The Pandemic Plutocrats : How Covid is creating new fintech billionaires

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In 2015, Nick Molnar was living with his parents in Sydney, Australia, and selling jewelry from a desktop computer in his childhood bedroom. Hocking everything from $250 Seiko watches to $10,000 engagement rings, the 25-year-old had gotten so good at online marketing that he had become Australia’s top seller of jewelry on eBay, shipping thousands of packages a day.

That same year, he teamed up with Anthony Eisen, a former investment banker who was 19 years his senior and lived across the street. They cofounded Afterpay, an online service that allows shoppers from the U.S., U.K., Australia, New Zealand and Canada to pay for small-ticket items like shoes and shirts in four interest-free payments over six weeks. “I was a Millennial who grew up in the 2008 crisis, and I saw this big shift away from credit to debit,” the now 30-year-old Molnar says today. Either lacking credit cards or fearful of racking up high-interest-rate debt on their credit cards, Molnar’s generation was quick to embrace this new way to buy and get merchandise now, while paying a little later.

Five years later, Molnar and Eisen, who each own roughly 7% of the company, have become billionaires—during a pandemic. After initially tanking at the start of lockdowns, shares of Afterpay—which went public in 2016—are up nearly tenfold, thanks to a surge in business tied to e-commerce sales. In the second quarter, it handled $3.8 billion of transactions, an increase of 127% versus the same period a year earlier.

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The invisible company powers almost the entire finance industry

 

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The days of going to a bank are coming to an end.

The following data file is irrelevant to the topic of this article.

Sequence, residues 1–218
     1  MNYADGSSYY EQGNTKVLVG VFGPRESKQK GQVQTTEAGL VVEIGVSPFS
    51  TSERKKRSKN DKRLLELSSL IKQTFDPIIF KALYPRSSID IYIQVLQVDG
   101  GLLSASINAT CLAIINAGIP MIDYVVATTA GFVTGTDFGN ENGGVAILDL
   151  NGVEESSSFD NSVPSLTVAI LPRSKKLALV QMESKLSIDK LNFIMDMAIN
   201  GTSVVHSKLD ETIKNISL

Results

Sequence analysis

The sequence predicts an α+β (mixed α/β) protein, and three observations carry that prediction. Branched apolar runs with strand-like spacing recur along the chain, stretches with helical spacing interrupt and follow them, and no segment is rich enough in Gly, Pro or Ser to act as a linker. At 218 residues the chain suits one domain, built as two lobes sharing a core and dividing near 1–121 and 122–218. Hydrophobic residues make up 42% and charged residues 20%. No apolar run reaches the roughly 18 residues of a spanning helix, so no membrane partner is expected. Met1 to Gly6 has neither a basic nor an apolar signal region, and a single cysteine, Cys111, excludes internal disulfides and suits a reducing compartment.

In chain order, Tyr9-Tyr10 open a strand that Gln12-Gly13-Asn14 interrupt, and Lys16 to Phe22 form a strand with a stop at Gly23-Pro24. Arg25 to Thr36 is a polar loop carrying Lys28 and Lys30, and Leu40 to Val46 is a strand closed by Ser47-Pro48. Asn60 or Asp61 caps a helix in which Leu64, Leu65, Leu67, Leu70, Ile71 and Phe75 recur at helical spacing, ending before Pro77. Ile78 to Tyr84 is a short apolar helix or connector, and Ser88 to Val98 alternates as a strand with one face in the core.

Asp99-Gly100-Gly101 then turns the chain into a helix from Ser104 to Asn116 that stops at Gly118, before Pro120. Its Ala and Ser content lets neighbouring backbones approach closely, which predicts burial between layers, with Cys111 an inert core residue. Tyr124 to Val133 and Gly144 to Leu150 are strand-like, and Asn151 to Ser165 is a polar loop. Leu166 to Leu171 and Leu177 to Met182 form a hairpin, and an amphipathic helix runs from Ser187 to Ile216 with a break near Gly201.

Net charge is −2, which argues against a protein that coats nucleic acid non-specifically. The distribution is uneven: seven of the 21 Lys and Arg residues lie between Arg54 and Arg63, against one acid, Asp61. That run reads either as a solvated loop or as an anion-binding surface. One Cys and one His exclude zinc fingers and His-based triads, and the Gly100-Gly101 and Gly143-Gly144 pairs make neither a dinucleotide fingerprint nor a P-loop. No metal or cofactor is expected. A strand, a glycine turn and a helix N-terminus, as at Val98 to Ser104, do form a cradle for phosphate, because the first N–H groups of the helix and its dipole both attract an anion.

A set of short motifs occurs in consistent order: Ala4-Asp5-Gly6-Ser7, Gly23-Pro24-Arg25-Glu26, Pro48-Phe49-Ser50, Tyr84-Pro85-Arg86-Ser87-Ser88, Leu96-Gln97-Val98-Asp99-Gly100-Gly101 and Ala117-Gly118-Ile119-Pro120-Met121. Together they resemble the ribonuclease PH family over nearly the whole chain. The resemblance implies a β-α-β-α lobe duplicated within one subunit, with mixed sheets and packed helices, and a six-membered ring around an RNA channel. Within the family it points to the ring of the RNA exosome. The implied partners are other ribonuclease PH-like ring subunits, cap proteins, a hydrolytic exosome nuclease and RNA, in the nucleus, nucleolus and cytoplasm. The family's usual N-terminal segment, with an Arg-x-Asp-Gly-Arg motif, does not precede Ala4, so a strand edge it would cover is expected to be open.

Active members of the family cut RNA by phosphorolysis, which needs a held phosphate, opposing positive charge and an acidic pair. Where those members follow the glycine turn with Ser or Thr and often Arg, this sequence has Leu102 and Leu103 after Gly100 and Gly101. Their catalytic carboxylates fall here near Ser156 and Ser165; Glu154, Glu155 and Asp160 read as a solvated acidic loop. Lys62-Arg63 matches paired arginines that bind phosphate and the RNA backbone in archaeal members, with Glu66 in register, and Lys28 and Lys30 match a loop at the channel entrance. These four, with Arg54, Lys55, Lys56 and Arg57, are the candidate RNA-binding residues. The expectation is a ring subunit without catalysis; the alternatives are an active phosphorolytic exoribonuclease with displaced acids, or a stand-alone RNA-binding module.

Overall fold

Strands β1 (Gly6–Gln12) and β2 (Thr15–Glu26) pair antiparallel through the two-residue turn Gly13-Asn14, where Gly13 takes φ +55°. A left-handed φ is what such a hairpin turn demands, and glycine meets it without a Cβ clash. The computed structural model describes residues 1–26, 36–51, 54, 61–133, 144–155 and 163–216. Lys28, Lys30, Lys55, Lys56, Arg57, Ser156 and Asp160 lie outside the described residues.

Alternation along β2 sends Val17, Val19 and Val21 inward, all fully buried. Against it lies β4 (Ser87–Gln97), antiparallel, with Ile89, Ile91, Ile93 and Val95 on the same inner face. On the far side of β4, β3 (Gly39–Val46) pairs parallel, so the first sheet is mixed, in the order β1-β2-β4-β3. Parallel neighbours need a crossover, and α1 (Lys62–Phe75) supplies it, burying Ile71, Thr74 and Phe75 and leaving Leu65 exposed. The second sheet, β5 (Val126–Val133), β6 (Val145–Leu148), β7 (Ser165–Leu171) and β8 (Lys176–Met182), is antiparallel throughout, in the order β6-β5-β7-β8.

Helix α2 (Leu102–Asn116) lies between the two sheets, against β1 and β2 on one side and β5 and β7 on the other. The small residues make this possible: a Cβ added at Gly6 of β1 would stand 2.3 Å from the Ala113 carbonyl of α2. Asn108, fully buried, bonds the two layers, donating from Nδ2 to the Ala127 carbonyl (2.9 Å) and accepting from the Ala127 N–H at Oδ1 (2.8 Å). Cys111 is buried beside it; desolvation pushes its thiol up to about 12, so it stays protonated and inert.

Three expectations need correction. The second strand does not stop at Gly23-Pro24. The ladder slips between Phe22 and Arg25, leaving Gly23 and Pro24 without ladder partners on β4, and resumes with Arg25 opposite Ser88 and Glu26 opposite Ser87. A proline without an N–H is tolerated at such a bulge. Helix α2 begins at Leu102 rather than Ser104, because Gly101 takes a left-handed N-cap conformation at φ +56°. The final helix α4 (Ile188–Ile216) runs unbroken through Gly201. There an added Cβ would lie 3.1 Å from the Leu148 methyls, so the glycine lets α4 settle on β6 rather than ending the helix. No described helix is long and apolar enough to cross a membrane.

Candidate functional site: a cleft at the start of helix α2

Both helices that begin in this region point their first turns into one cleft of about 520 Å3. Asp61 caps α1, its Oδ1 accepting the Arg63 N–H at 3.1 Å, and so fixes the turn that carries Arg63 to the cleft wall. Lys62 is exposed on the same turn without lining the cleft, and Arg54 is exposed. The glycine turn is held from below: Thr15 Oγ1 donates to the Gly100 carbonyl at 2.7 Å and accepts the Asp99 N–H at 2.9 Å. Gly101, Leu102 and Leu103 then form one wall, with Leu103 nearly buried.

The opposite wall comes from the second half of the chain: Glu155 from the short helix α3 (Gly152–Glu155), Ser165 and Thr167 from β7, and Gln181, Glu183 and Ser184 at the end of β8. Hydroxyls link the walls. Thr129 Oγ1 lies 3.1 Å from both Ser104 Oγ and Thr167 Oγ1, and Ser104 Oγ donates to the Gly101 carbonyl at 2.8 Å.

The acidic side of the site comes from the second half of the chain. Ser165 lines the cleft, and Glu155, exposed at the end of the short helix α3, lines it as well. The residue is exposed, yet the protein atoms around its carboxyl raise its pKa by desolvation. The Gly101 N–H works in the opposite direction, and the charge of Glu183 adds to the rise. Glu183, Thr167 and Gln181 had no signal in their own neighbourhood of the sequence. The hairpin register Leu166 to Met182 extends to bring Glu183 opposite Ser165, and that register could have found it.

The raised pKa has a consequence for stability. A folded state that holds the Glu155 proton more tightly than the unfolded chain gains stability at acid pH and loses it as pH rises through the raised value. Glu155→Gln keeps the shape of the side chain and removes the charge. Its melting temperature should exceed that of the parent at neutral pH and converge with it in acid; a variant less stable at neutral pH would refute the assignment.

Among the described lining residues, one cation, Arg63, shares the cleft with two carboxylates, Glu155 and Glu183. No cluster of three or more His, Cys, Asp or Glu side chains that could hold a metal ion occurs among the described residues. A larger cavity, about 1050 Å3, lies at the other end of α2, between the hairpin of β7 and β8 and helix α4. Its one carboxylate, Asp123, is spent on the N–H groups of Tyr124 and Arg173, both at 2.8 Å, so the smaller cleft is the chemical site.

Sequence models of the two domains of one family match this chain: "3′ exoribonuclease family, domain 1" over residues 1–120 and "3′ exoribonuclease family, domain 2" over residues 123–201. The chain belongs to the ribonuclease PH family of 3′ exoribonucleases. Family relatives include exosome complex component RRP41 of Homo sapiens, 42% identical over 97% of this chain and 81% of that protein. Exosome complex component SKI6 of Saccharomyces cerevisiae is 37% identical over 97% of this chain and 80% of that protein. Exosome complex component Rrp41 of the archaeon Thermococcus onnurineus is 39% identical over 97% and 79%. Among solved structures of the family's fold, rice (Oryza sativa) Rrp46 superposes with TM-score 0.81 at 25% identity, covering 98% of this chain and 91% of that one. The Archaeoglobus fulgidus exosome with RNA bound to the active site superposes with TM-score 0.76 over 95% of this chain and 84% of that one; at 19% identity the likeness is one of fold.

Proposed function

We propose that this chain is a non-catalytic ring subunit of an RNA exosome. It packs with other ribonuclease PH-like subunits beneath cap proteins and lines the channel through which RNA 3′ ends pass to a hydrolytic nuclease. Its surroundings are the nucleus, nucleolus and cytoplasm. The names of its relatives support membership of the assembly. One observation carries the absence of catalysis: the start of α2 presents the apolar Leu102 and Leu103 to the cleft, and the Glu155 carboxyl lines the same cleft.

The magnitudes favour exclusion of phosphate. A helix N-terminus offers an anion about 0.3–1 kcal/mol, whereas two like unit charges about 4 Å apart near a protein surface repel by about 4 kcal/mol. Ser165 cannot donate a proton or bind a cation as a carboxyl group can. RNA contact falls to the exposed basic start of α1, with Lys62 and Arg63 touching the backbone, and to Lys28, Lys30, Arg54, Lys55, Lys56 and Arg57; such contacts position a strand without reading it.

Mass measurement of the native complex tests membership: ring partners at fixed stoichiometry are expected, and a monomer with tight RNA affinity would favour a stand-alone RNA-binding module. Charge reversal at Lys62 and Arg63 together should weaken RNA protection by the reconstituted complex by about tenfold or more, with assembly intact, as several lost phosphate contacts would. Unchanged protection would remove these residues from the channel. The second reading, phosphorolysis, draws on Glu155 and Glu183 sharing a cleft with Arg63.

In the past 10 years, 15,000 bank branches have shut their doors for good. And foot traffic to banks has fallen by 50%. Bank branches are shutting down left and right for a simple reason… They’re useless!

These days, you can deposit a check by taking a photo with your phone. You can open a bank account or order a new credit card in five minutes over the internet. You can even take out a mortgage without ever seeing a human banker, thanks to disruptive services like Quicken Loans.

And it’s not just banks. Digital disruption is eating away at every “old” business model in finance. Everyone from stockbrokers to financial planners is under assault.

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Bunq launches travel card to make foreign exchange fees disappear

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Fintech startup Bunq provides full-fledged bank accounts. But if you’re happy with your existing bank, the company is launching a new free tier so that you can cut down on banking fees.

The Bunq Travel Card is a Mastercard without any foreign exchange fee. The company uses the standard Mastercard exchange rate but doesn’t add any markup fee — N26 also uses Mastercard’s exchange rate. Most traditional banks charge you 2 or 3 percent for foreign transactions.

When you get a card, you can then top up your account in the Bunq app. You can also send and request money with other Bunq users. But it isn’t a full bank account.

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The next FinTech: Global “Open Finance” Infrastructure

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“Open Finance “ — open-source financial services infrastructure built on public blockchains — may be the next major digitization narrative after Fintech. Driven by the transformation of analog liquidity (deposits in a bank account) to digital liquidity (tokens in digital wallets), the playing field can be leveled for offering financial services. As a result, new profit motives are introduced encouraging innovations not previously feasible.

Technology disrupting finance is a narrative that’s existed for a long time. The dream has always been for tech to digitize financial services, increase competition/access, reduce concentration risks, and improve customer experience. Many sales-pitches have tried to achieve this: from FinTechs, TechFins, API / Open Banking, to Permissioned Blockchains.

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4 technology trends that will transform our world in 2018

Predicting the future requires hubris, and it should therefore be met with more than a terabyte of skepticism. In past years, I’ve made some calls that have proved prescient like predicting way back in 2011 that social media would determine the U.S. presidential election. Meanwhile, some took decades longer than I had foreseen such as my 1992 prediction that this new thing called the Internet would lead Hollywood studios to merge with telecommunications companies.

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